The further north you are in WA, the better it is for this meteor shower.

This month, stargazers will be treated to a special display from the Perseids Meteor Shower. On a dark night, away from artificial light pollution, you might see up to 60 meteors (or “shooting stars”) an hour!

The Perseids meteor shower is generated from comet Swift-Tutle and renowned for producing bright meteors. The shower peaks on the night of the 12th/13th of August but can be viewed several days either side of the peak. The best views will be under dark skies, after midnight.

This shower emanates from the constellation Perseus, which is not visible to the south western regions of WA. Those in northern WA might be high enough to make the most out of the shower.

When to look: From midnight to early morning, 12th/13th August

Which direction to look: Low on the northern horizon

Do I Need a Telescope to see a Meteor Shower?

You don’t need a telescope or binoculars to see a meteor shower. It’s a great time to gather with friends, roll out your favourite picnic rug, pack the drinks and snacks, and start counting how many “shooting stars” you all see!

It’s best to view a meteor shower under a dark night sky. Most meteors will be quite faint so darker surroundings will make it easier to see them. You might consider heading out to a dark sky location at one of WA’s Astrotourism Towns. If you’re an astrophotographer, it is an excellent opportunity to image meteors over some of WA’s iconic landscapes. Where are WA’s Astrotourism Towns? Fingers crossed for a spectacular show!


What is a meteor shower?

Meteors are caused by debris entering Earth’s atmosphere. The debris can be as small as a grain of sand which burns up in the atmosphere and causes a bright streak of light to appear briefly in our night sky. The debris that causes a meteor can be travelling between 11 to 73 km/second.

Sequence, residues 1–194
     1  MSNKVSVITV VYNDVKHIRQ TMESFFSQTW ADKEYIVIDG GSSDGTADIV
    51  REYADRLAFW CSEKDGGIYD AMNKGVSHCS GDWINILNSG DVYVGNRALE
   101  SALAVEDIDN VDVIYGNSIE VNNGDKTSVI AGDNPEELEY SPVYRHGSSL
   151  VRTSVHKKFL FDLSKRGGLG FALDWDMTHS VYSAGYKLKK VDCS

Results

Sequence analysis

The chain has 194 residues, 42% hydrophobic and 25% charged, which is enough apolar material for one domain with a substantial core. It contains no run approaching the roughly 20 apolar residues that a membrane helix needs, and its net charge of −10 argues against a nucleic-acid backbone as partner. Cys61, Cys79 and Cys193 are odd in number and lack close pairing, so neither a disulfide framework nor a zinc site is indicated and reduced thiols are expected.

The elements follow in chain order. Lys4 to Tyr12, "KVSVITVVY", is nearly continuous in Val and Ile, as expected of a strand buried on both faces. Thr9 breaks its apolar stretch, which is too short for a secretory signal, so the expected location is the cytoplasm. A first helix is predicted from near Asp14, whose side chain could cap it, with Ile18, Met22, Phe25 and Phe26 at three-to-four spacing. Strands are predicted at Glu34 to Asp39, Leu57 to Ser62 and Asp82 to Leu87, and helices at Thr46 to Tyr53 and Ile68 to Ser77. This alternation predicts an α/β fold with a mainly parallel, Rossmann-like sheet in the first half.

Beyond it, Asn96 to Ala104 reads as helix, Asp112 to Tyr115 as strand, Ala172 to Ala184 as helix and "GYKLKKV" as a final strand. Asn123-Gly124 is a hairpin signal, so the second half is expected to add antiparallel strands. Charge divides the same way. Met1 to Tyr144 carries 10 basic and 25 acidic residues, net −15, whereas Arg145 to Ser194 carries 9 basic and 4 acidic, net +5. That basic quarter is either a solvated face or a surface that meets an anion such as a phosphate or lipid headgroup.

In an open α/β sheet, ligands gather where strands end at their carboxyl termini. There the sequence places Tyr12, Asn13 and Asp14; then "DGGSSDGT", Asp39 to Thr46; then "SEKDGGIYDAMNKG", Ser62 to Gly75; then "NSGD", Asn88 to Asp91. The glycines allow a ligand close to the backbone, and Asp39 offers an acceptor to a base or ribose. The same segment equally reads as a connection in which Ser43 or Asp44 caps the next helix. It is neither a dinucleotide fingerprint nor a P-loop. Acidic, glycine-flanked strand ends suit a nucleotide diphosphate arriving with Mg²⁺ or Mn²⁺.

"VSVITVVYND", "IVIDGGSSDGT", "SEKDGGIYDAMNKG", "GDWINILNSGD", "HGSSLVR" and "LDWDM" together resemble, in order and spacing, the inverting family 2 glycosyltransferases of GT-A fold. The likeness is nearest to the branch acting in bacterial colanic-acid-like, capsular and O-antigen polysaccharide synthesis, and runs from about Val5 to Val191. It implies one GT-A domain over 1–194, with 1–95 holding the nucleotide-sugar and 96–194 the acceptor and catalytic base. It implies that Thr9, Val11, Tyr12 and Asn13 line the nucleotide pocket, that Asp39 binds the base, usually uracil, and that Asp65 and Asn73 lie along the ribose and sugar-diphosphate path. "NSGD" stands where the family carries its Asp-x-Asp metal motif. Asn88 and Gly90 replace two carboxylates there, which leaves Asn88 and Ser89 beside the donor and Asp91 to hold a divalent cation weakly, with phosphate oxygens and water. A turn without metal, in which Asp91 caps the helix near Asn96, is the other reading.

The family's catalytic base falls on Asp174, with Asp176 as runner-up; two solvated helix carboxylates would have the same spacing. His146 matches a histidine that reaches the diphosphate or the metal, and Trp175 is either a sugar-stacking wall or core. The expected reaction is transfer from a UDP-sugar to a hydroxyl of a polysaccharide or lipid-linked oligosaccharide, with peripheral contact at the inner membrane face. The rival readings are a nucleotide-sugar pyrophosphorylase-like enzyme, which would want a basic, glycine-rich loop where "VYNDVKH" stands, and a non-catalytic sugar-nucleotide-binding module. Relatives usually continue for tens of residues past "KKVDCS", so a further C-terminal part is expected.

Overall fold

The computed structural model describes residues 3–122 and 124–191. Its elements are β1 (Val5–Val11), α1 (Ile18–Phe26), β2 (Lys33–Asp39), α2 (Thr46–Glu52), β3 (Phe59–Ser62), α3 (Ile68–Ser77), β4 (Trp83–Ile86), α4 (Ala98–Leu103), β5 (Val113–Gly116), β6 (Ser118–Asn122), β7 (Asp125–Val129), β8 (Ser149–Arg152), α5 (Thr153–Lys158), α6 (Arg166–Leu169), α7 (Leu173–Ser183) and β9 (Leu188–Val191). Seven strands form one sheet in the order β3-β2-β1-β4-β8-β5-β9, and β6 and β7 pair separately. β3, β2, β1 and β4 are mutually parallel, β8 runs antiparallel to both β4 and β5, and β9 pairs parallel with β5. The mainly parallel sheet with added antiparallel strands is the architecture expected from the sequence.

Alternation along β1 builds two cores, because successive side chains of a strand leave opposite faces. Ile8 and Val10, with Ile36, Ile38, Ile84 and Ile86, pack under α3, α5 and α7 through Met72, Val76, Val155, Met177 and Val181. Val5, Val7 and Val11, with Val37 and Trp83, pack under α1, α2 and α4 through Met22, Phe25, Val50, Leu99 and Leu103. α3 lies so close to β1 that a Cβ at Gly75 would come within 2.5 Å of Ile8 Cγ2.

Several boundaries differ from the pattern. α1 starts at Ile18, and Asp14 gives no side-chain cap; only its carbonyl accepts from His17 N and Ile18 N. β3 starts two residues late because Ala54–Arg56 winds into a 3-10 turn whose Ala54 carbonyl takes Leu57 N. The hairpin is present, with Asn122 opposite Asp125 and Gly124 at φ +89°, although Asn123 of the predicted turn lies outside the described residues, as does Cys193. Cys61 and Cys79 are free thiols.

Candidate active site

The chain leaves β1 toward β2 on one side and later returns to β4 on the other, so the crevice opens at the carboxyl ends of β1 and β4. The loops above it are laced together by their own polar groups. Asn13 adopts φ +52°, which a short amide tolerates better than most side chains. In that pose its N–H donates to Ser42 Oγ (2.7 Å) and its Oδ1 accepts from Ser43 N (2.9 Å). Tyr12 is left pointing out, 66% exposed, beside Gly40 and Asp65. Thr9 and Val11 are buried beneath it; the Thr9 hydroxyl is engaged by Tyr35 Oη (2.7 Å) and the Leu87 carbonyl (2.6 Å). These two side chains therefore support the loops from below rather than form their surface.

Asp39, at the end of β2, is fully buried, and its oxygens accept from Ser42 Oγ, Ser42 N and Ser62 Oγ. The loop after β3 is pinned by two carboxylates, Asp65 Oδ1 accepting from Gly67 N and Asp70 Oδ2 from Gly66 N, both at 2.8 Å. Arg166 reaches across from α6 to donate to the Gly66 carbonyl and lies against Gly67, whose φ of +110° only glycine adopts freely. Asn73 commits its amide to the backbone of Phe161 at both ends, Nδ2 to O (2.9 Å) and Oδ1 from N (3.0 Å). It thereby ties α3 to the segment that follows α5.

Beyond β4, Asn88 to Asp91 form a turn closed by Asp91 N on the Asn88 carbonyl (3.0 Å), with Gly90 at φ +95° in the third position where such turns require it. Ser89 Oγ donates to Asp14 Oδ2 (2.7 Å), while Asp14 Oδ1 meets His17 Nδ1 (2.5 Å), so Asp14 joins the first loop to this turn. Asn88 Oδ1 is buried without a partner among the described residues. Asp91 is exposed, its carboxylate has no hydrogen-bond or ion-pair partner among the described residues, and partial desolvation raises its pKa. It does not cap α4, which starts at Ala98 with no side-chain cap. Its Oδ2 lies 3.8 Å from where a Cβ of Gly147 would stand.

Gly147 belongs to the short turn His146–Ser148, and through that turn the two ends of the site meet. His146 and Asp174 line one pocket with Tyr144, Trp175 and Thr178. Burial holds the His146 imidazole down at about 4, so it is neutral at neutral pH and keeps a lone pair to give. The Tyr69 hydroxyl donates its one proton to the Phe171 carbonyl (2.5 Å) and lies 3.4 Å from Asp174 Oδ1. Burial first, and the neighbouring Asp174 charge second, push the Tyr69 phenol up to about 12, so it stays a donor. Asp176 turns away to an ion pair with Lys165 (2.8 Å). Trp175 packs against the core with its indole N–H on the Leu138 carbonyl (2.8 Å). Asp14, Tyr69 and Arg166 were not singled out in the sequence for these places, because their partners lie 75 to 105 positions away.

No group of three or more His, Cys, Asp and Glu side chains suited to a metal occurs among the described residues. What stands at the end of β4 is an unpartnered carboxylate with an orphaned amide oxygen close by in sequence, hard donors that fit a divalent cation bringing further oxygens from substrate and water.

A meteor shower is a time when you see lots of “shooting stars”. They are the result of Earth passing through the trail of debris left by a comet or other object that has come into our Solar System and orbited around the Sun.

What is the Moon phase, and will it affect viewing?

While the Moon will be in the sky during the Perseids this year, it is sufficiently small and dim that it should not affect your viewing too greatly. Most meteors should still be visible, particularly the bright ones!

Something interesting

Meteor showers are named after the constellation where the “shooting stars” appear to be coming from. In the case of the Persieds Meteor Shower, the meteors come from the direction of the constellation of Perseus. If you have a handy smart phone app that helps you identify objects in the night sky, search for Gemini, and you’ll be looking in the right location.

More reading

The International Meteor Organization is a great place to discover more about all things meteors. Check out their Meteor Shower Calendar. You might even like to become a member!

You might like to…

Become a Citizen Scientist and report meteor sightings! If you happen to see a very bright meteor (often referred to as a “fireball”), WA’s Fireballs in the Sky team based at Curtin University would love to know! Download the Fireballs in the Sky App and keep your eyes peeled!

Where's the Best Place to see a Meteor Shower?

You need a good dark night sky for the best view! Choose an Astrotourism Town destination. Happy meteor hunting!